The Dream Daughter: A Novel

Description

New York Times bestselling author Diane Chamberlain delivers a thrilling, mind-bending novel about one mother's journey to save her child.

When Carly Sears, a young woman widowed by the Vietnam war, receives the news that her unborn baby girl has a heart defect, she is devastated. It is 1970, and she is told that nothing can be done to help her child. But her brother-in-law, a physicist with a mysterious past, tells her that perhaps there is a way to save her baby. What he suggests is something that will shatter every preconceived notion that Carly has. Something that will require a kind of strength and courage she never knew existed. Something that will mean an unimaginable leap of faith on Carly's part.

And all for the love of her unborn child.

The Dream Daughter is a rich, genre-spanning, breathtaking novel about one mother's quest to save her child, unite her family, and believe in the unbelievable. Diane Chamberlain pushes the boundaries of faith and science to deliver a novel that you will never forget.

Praise for The Dream Daughter:

"Chamberlain writes with supernatural gifts...fate, destiny, chance and hope combine for a heady and breathless wonder of a read." --Pam Jenoff, New York Times bestselling author of The Orphan's Tale

"Can a story be both mind-bending and heartfelt? In Diane Chamberlain's hands, it can. The Dream Daughter will hold readers in anxious suspense until the last satisfying page." --Therese Fowler, New York Times bestselling author of Z
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384 pages

Average rating: 7.44

34 RATINGS

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1 REVIEW

Community Reviews

JHSiess
Feb 03, 2024
8/10 stars
It is 1970, and Caroline Sears is pregnant with her first child. When she learns that the unborn child has a heart defect and there is nothing that medical science can offer her, she is devastated, in part, because her husband, Joe, was recently killed in the Vietnam war.

Her brother-in-law, Hunter, is a physicist, who appeared mysteriously in their lives a few years earlier. A patient in the hospital where Caroline was a physical therapist, Hunter had no family or friends, and the circumstances surrounding his injury were suspicious, shrouded in secrecy. Still, he fell in love with and married Caroline's sister, and has proven to be a wonderful husband.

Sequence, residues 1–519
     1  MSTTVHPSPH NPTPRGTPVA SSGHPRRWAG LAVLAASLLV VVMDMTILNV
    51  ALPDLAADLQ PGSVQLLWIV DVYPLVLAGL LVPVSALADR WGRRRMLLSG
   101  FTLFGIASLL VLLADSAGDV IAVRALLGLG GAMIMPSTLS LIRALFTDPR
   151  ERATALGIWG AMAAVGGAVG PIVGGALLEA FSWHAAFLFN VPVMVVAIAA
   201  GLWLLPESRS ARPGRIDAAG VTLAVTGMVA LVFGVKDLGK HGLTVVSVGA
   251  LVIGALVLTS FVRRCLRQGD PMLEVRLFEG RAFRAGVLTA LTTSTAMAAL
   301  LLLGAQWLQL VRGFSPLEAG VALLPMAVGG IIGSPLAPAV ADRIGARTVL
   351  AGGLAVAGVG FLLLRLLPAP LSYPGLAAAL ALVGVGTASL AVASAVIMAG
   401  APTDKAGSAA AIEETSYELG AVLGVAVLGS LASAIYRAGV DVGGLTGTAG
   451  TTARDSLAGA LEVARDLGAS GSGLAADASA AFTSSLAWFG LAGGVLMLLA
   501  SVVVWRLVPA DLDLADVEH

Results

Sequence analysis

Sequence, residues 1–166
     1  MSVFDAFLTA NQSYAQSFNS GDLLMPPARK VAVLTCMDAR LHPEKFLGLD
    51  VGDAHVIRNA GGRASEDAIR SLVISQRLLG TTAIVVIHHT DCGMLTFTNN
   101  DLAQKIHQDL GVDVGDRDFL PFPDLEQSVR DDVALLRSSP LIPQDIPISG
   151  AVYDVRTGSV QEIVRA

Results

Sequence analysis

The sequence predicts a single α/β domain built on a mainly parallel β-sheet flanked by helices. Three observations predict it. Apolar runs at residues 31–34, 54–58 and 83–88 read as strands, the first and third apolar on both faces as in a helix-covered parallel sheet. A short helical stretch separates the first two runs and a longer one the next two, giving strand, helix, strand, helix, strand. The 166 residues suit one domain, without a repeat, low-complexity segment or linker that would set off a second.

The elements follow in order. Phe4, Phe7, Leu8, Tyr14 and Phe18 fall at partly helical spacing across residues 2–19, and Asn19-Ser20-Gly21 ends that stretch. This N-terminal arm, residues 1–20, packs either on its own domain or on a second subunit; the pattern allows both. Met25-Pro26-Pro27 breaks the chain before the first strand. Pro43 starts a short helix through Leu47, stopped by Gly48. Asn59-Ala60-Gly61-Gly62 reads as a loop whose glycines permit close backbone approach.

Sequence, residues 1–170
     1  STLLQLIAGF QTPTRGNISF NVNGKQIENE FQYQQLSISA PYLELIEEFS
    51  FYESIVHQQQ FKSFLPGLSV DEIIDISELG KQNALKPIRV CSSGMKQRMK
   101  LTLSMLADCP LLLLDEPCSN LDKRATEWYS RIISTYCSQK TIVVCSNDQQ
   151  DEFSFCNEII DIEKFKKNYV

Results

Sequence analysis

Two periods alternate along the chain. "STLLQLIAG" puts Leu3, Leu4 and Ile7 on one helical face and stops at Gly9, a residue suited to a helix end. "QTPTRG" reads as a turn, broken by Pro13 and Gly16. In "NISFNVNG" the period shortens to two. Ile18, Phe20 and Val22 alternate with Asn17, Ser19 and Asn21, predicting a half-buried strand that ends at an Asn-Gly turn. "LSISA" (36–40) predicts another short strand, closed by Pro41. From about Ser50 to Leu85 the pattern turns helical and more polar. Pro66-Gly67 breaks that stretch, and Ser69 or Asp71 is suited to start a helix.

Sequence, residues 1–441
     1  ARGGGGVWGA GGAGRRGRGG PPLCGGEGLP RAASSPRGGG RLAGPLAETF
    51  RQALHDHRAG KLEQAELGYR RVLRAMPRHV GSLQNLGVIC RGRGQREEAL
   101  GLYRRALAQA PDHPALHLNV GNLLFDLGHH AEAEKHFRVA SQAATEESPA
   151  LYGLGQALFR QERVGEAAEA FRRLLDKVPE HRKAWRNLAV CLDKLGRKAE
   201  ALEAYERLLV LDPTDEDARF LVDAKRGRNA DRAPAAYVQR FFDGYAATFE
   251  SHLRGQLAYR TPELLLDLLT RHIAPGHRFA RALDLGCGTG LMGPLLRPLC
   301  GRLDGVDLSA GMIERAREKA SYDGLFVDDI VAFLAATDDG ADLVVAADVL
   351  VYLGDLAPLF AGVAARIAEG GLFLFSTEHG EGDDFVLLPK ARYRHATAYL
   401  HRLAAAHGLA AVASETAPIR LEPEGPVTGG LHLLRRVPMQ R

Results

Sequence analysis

But Hunter tells Caroline a whopper of a tale. He claims that there is help available for the baby, but in order to obtain it, Caroline will have to summon her courage and strength. She will need to take -- quite literally -- a huge leap of faith that will allow her to travel to the future.

The Dream Daughter bears all the hallmarks of a Diane Chamberlain novel. Complex family relationships and characters facing enormous challenges who must find their own resilience and determination in order to overcome them. But The Dream Daughter also features a science fiction aspect -- time travel. Chamberlain has concocted a wildly imaginative story that involves the intricacies of propelling oneself forward into the future, as well as the ability to travel backward in time. And, in Caroline's case, with the correct calculations and no small amount of luck, return home to carry on her life as the mother of a healthy baby girl.

In the hands of a less-skilled writer, The Dream Daughter could have been a ridiculous story. But because of Chamberlain's deft handling of the plot nuances and her signature development of the characters, The Dream Daughter is an utterly charming -- indeed, mesmerizing -- but fanciful story about the lengths to which one woman will go in order to save her child. And the sacrifices she is willing to make in order to ensure that her child is not only healthy, but happy and provided for. It is also a look at what it means to have faith in and completely trust another human being, as well as one's own instincts.

To say more about the book would require giving away key plot points and spoiling the sometimes harrowing surprises Chamberlain injects into the story. Caroline and Hunter, the main characters, are surrounded by a supporting cast of fascinating, quirky characters. Caroline is earnest, naive (at the outset), and tested in ways that parents who have ever had to make sacrifices for a child will relate to. The unpredictable story will keep readers guessing until the conclusion. Chamberlain provides an emotionally satisfying and entirely plausible ending that is both heart-warming and haunting. Stories about time travel has long been hugely popular, and The Dream Daughter is a worthy addition to the genre.

Thanks to Net Galley for an Advance Reader's Copy of the book.
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